New man in charge at Number 10

One of the most prominent WordPress installs in the UK is under new management: Nick Jones, formerly Director of Interactive Services at the (now doomed) COI, has been appointed Head of Digital for the (now merged) Downing Street / Cabinet Office operation. He replaces former Tory staffer Rishi Saha, who quit government for a PR job based in Dubai.

New Media Age reports:

As head of digital for the Prime Minister’s office and Cabinet Office, Jones will oversee all digital communications, including the Number 10 and Cabinet Office websites. He will also continue with his COI duties.

Both sites have, of course, been redesigned in the last 12 months: the former staying on WordPress, the latter moving to Drupal late last year. We’ve also had a number of WP-based microsites from the Cabinet Office crew. So they know their open source on that team, as does Nick, so there are grounds for optimism… although of course, the next six months will (in theory) see departments’ independent web presences being run down, in favour of the (ahem) bespoke unified presence. But I don’t want to prod that particular hornet’s nest again quite yet.

It’s interesting to see a civil servant taking up the role, following on from the political appointment of Rishi Saha: and given the imminent shake-up in government comms, not just online, it’s unquestionably the right thing to do. We need someone in that position of key influence who understands government as a whole – not technology, not politics – and there’s no questioning Nick’s experience in that regard.

Good luck, Nick. It’s a job which, publicly, can be more about limiting criticism than earning praise. But there’s no more influential role in digital government. Use it well, sir.

New data reveals gov web spend, usage & satisfaction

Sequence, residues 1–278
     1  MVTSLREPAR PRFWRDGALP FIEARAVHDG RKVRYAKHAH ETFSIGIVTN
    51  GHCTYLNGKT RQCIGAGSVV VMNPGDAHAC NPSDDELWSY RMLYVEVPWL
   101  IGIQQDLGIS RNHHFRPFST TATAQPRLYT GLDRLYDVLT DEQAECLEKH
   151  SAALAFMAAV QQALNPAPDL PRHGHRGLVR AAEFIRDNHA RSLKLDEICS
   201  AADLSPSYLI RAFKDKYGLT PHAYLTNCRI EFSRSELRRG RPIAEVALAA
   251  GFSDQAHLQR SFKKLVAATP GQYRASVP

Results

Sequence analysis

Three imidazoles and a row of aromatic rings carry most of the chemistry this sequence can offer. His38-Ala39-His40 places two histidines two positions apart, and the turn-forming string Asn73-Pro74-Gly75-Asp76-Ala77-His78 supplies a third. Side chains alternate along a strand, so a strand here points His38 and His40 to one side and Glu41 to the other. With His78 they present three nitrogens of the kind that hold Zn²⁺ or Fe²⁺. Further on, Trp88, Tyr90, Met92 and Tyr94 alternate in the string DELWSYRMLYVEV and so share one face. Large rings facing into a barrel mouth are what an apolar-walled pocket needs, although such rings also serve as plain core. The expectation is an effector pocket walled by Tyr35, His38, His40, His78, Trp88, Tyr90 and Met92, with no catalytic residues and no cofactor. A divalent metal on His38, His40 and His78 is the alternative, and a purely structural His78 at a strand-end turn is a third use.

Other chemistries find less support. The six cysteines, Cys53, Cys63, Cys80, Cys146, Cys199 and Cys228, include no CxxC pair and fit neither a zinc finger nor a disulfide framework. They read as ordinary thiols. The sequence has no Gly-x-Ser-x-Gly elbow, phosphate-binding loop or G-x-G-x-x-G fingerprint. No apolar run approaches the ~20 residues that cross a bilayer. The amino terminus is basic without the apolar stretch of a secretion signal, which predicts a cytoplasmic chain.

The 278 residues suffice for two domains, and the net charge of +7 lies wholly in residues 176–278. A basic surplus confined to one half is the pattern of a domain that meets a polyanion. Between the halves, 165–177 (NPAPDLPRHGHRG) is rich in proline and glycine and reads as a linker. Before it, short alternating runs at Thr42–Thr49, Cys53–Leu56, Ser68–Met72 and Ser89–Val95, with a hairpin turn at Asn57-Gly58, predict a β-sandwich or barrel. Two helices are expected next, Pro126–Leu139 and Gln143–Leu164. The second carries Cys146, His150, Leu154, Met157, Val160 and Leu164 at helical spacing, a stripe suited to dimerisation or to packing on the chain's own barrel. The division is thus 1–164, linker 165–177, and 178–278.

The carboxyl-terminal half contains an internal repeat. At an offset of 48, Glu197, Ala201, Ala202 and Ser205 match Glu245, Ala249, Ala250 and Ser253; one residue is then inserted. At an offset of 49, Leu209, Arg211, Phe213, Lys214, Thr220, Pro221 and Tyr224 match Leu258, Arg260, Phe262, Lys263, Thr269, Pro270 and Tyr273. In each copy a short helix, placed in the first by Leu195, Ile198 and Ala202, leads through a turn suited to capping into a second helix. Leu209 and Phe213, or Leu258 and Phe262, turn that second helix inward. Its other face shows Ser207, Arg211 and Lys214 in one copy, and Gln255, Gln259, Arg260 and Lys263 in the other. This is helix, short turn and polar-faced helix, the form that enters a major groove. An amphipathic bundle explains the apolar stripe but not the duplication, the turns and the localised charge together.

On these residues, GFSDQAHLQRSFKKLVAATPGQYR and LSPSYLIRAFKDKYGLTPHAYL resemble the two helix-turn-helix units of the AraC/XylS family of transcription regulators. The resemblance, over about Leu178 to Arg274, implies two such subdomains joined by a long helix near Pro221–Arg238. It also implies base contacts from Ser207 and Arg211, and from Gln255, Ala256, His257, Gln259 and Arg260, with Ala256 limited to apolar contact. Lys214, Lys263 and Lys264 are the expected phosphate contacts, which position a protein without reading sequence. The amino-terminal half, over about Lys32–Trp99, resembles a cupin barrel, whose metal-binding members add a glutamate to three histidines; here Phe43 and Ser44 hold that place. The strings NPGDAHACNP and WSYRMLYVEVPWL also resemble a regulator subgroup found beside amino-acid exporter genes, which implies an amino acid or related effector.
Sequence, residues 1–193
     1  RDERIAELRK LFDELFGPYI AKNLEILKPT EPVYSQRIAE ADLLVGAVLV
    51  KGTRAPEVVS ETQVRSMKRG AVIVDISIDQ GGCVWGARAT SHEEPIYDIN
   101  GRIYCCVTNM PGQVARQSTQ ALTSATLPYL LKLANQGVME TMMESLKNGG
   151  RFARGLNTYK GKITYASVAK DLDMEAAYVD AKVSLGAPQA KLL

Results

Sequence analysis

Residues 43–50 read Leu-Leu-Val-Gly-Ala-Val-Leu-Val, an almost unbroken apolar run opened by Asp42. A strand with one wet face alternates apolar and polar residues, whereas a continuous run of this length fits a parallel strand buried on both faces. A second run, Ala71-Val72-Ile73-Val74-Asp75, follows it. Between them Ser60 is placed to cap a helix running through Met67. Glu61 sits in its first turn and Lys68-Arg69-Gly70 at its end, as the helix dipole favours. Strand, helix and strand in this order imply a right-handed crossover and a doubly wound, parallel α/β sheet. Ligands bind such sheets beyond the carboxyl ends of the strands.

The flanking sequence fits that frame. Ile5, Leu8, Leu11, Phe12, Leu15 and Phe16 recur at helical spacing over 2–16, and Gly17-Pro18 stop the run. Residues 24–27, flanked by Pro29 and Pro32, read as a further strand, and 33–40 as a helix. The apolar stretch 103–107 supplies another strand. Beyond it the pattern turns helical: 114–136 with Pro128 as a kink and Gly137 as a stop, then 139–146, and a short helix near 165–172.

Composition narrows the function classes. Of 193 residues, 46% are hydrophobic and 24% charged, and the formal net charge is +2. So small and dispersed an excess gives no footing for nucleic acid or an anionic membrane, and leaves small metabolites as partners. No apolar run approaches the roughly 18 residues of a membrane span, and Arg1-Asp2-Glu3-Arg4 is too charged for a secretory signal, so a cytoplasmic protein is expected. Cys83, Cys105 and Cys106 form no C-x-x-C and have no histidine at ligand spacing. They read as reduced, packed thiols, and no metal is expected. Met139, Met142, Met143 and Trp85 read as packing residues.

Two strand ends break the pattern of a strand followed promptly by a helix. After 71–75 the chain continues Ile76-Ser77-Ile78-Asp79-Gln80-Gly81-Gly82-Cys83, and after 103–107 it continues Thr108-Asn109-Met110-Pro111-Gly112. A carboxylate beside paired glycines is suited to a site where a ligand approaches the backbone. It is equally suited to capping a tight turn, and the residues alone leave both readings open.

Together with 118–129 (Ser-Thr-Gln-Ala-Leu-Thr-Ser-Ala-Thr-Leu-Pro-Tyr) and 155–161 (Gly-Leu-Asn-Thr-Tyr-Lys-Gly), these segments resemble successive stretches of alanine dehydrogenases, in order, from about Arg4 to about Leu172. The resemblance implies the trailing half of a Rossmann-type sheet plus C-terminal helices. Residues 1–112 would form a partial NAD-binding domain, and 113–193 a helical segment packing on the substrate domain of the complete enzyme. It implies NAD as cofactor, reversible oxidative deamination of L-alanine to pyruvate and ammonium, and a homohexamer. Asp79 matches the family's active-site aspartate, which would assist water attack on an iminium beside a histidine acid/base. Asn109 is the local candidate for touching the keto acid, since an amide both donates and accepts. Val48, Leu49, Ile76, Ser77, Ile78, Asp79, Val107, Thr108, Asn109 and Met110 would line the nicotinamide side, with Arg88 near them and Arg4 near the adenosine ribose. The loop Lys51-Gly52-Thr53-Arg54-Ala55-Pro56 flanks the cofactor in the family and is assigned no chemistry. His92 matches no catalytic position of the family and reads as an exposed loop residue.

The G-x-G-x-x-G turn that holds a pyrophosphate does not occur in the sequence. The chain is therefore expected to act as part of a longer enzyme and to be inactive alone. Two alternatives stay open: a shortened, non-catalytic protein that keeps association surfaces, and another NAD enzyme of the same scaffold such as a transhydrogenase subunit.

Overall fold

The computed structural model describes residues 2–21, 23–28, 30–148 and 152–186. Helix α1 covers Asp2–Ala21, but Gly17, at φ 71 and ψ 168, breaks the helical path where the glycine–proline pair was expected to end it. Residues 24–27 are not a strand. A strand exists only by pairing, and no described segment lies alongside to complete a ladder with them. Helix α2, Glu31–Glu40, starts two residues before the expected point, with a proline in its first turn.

There’s a huge amount of information to digest in COI’s ‘Reporting on progress: government websites 2009-10‘, published this morning. It lists, for virtually every government department, an assessment of staff numbers, staff and non-staff spending, page views and unique users, and where available, outcomes of user surveys, and assessments of accessibility and standards compliance.

Inevitably, there are some scarily large numbers contained within. For example:

  • BusinessLink, one of government’s three super-sites, quotes a £35,000,000 spend on ‘non-staff costs’ – accounting for 27% of the total spend as outlined in the report.
  • There’s no hint of the super-sites approach leading to economies of scale. BusinessLink, Directgov and NHS Choices spent £4m, £5m and £6m respectively on ‘design and build’, way beyond the biggest-spending ministerial departments (FCO and DH).
  • HMRC appears to have 111 people working at least half their time on its hmrc.gov.uk website, costing £7,500,000.
  • Across all departments quoted in the report, we appear to be paying £23,840,000 per year for web hosting.

However, despite COI’s best efforts, I’m still not convinced that the numbers are directly comparable. On hosting, for example, many departments quote £0 – but I’m pretty sure they’re paying for it somewhere. I’m not aware of too many departmental sites built on Blogger, WordPress.com or Geocities.